The meals are served at parks, schools, pools, libraries, recreation programs and other places where children congregate in the summer.

Some sites require children to be enrolled in a recreation or academic program. Others are “open” sites where any child can go to receive free, healthy meals. At open sites, parents do not need to provide proof of income, residence or any other identification. They can simply bring their child to a site for a meal in their community.

Unfortunately, too few children and parents know they can receive these meals at sites throughout their communities.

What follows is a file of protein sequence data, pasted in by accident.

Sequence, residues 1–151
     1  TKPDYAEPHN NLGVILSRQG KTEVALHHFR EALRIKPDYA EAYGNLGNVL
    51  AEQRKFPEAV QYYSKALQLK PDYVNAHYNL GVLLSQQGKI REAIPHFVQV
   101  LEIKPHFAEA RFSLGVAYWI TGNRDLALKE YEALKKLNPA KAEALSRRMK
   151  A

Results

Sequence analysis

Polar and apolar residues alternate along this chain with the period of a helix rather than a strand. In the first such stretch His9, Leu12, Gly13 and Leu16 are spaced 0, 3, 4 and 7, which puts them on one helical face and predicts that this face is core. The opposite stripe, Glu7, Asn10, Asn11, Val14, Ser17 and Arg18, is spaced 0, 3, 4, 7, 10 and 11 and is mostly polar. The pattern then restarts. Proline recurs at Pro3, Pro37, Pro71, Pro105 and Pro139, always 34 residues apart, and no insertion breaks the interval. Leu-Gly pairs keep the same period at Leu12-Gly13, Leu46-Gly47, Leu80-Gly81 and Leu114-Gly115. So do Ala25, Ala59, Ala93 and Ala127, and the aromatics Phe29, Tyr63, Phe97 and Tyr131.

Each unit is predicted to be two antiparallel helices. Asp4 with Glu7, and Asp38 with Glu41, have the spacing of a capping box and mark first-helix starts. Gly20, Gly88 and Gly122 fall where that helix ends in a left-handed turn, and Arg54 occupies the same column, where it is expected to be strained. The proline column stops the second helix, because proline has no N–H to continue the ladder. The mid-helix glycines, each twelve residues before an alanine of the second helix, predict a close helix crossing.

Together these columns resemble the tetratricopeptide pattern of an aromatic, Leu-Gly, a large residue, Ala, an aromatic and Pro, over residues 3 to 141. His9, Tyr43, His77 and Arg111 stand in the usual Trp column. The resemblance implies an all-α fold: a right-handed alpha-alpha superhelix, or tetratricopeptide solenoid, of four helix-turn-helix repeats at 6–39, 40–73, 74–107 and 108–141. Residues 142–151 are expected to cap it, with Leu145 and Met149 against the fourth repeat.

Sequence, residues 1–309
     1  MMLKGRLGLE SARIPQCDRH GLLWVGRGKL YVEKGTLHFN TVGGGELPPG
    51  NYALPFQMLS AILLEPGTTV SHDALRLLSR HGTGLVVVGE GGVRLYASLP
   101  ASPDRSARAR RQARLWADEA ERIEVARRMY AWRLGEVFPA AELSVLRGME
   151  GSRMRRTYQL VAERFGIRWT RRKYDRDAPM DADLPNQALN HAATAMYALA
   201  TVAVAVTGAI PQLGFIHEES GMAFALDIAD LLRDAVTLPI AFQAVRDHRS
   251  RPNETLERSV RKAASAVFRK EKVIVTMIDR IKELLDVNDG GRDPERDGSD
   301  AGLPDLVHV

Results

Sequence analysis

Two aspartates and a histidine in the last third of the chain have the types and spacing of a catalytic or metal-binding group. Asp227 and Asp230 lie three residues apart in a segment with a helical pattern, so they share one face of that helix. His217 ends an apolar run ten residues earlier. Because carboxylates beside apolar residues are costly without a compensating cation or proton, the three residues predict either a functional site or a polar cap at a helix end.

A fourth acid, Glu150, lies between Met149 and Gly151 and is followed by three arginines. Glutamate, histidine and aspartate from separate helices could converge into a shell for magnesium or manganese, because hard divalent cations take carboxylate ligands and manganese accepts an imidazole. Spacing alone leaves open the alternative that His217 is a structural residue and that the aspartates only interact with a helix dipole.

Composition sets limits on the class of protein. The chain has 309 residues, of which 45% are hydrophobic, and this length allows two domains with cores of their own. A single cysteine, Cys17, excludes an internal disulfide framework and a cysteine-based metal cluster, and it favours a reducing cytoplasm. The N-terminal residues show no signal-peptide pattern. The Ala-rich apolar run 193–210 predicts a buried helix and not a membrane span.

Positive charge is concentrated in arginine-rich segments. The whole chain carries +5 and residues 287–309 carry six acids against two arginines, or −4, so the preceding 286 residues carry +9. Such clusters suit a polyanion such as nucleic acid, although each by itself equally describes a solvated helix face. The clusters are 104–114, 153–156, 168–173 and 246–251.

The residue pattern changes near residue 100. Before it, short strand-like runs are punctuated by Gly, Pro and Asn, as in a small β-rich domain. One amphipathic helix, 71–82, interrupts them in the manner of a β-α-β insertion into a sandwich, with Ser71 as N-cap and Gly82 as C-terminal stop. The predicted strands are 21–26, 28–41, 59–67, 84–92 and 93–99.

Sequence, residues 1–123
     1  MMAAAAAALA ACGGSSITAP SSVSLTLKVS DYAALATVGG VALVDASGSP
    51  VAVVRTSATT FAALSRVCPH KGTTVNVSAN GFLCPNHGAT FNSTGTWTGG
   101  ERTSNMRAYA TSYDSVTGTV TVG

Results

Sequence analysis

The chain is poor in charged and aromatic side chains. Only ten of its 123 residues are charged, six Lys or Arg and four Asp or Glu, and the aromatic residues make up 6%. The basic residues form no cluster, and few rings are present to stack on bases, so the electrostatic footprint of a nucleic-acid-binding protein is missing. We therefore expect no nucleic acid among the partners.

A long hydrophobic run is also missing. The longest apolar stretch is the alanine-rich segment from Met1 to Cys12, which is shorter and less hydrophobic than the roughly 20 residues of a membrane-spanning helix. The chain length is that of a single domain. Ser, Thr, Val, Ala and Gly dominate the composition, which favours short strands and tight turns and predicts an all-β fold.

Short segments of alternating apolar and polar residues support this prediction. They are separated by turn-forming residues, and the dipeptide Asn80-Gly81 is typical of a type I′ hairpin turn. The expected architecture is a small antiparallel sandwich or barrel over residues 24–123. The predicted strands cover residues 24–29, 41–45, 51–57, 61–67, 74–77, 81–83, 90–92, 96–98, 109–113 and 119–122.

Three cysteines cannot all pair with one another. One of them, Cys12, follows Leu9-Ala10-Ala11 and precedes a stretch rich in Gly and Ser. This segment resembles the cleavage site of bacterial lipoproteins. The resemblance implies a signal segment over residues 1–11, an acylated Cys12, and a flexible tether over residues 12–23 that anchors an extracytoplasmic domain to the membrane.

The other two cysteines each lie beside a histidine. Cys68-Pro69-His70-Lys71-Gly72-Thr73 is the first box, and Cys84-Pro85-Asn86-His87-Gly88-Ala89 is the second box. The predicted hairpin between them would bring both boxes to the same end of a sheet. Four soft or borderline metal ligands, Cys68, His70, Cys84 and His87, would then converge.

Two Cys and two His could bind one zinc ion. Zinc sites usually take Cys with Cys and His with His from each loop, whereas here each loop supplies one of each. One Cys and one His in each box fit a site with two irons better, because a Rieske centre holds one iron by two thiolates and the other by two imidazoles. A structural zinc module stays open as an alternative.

You can help! The New Jersey Food for Thought Campaign has posted a local outreach toolkit, flyers and social media messages.

Please share these messages with your e-networks, post on social media and distribute flyers in your community.

Working together, we can ensure that no New Jersey child goes hungry this summer and that all children return to school in September with the nourishment they need to thrive and succeed.

Summer meals on the rise

More children are receiving summer meals, helping combat childhood hunger, according to a new report by Hunger Free New Jersey.

New Jersey communities served up summer meals to more than 103,000 children on an average day in July 2018 through two federal summer meals programs, according to the report, Food for Thought: The State of Summer Mealsin New Jersey.

That represents a 38 percent increase since July 2015, the report found. As a result, federal meal reimbursements rose to $12.7 million – a 71 percent increase since 2015.